Teaming Up to Prevent Cyberbullying
School librarians often lead the discussion at parents’ night or open houses to help them understand different types of cyberbullying. “That leads to not only instruction not happening at school, but a community conversation and a familywide conversation outside of school,” Yates notes. “When I was growing up, it was, ‘This is how you act in public.’ Now it extends conversation to ‘This is how you act online.’ ” Approaches vary, and they may include elements of broader character education, but, Yates says, “our members are talking a lot more about how they can contribute to that conversation.”
Marchesano says of cyberbullying, “I see it happening younger and younger, as devices are in the hands of younger kids who don’t necessarily have the same impulse control as more mature students or adults would have.” In her seventh grade lesson on the topic, Marchesano uses recent news articles about cyberbullying from around the world. “I want them to be aware that this doesn’t just happen in the United States, or Michigan,” she says. Students read the articles and work together to create informational web pages to put on their school’s site. “It helps the parents understand cyberbullying,” she says. “What it is, how you can prevent it, some statistics, and what to do if it happens to you.”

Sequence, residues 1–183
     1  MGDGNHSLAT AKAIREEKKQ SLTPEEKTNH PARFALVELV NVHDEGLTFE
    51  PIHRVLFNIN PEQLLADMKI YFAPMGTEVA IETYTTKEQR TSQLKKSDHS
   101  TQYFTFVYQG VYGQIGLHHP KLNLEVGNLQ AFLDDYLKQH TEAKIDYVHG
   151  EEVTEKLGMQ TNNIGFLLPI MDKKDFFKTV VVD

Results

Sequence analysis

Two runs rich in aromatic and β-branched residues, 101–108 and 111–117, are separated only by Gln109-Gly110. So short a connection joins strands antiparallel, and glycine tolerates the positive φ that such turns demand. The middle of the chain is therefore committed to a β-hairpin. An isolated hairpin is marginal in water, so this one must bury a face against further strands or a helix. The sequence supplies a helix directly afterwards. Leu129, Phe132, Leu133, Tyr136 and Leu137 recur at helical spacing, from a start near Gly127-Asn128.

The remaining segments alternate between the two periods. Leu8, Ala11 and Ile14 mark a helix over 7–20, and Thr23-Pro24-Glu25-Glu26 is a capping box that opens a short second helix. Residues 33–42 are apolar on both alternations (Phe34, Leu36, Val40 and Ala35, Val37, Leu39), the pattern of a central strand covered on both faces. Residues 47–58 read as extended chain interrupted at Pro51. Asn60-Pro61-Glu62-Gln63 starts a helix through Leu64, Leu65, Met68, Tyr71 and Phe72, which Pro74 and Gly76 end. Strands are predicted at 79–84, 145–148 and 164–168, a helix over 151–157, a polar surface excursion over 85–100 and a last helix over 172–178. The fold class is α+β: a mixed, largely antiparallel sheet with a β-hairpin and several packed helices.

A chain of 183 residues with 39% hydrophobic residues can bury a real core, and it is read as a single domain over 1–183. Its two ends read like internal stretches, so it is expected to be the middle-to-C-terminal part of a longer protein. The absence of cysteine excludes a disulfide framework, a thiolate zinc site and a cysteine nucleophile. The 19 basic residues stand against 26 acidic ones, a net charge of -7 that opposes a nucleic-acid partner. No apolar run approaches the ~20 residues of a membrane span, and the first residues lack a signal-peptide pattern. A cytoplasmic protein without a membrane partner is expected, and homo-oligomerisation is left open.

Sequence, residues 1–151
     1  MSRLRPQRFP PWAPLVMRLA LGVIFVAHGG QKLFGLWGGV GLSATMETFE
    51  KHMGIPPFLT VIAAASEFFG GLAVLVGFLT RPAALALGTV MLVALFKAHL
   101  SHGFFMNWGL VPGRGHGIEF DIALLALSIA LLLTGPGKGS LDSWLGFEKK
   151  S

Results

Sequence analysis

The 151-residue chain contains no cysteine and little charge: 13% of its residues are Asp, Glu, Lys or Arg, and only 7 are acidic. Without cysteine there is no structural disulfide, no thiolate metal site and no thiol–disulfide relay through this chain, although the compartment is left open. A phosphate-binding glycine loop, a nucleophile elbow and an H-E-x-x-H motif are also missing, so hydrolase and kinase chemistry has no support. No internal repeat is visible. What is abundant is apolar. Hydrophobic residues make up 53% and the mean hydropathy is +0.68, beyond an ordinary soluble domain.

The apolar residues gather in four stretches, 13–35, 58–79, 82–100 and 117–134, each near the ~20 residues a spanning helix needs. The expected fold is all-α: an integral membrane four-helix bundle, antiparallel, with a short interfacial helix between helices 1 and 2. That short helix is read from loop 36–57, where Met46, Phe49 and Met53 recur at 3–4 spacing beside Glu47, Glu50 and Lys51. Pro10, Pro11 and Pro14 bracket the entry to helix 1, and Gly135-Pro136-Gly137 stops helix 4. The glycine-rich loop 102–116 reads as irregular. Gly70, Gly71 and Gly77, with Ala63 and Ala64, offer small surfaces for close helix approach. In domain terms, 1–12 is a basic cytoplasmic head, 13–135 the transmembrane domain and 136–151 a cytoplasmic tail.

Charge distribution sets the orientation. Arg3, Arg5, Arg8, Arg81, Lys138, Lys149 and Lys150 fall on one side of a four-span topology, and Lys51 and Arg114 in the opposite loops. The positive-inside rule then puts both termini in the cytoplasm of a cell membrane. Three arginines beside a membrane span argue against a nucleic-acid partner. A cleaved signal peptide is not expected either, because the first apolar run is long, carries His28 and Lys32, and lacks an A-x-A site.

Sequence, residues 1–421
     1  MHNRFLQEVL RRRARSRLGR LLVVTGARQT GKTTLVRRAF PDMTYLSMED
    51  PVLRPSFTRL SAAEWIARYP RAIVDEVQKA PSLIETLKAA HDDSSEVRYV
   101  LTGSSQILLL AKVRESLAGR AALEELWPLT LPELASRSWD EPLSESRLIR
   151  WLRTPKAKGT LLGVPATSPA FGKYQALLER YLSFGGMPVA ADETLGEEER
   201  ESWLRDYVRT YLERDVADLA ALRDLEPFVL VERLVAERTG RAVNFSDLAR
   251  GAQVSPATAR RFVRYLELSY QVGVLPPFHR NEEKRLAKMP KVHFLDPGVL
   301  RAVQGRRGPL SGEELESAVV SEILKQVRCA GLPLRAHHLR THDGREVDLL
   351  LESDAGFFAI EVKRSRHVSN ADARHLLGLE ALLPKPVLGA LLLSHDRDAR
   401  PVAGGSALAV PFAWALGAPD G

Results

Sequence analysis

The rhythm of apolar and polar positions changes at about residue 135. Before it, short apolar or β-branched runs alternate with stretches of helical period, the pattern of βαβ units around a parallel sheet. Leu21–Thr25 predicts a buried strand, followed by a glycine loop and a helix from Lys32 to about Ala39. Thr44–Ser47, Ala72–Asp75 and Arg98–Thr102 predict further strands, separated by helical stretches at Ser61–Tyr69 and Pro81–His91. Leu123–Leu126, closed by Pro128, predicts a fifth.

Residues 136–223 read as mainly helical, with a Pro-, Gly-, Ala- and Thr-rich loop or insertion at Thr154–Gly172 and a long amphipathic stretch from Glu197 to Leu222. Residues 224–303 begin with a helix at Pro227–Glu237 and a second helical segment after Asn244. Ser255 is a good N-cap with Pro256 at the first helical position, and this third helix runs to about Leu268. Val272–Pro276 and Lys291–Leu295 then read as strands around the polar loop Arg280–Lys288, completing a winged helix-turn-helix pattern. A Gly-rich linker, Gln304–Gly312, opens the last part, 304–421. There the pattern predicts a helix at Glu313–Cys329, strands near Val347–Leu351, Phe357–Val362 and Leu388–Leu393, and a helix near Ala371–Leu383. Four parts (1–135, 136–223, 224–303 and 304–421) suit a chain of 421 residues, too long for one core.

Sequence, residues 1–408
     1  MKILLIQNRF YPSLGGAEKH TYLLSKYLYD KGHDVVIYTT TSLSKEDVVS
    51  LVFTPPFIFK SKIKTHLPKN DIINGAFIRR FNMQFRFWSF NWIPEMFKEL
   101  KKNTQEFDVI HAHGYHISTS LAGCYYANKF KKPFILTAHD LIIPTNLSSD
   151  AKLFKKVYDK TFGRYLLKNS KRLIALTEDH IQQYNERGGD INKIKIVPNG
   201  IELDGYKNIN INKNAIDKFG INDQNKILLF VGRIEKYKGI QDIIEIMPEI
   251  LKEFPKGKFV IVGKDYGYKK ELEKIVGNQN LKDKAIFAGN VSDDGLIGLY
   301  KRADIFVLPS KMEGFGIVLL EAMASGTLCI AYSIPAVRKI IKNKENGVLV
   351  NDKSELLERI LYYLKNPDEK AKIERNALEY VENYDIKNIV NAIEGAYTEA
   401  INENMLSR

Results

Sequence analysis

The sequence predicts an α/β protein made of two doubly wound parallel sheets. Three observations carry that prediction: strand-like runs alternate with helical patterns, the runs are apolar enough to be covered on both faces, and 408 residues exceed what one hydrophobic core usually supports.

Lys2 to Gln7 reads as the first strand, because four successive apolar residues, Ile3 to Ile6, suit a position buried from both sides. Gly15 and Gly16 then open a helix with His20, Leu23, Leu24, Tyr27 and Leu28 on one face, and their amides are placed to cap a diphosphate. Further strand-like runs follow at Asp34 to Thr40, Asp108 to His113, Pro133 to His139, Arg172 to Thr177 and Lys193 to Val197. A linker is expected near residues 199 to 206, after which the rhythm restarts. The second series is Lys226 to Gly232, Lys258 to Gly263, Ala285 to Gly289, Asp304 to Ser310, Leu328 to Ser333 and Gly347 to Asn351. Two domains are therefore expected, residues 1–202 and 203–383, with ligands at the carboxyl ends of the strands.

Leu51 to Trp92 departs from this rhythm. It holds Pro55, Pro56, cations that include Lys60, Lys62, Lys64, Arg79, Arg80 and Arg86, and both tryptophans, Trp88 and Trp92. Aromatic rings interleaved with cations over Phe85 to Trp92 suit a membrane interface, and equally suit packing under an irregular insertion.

Her goal is to have her students be leaders in their own community to prevent cyberbullying. “I encourage students to initiate those conversations with their parents and their friends to prevent it from happening,” Marchesano says. A key component, she adds, is that students and parents have a common understanding so that parents will not just take away devices and punish kids who tell them about cyberbullying, but that they will work through the situation together.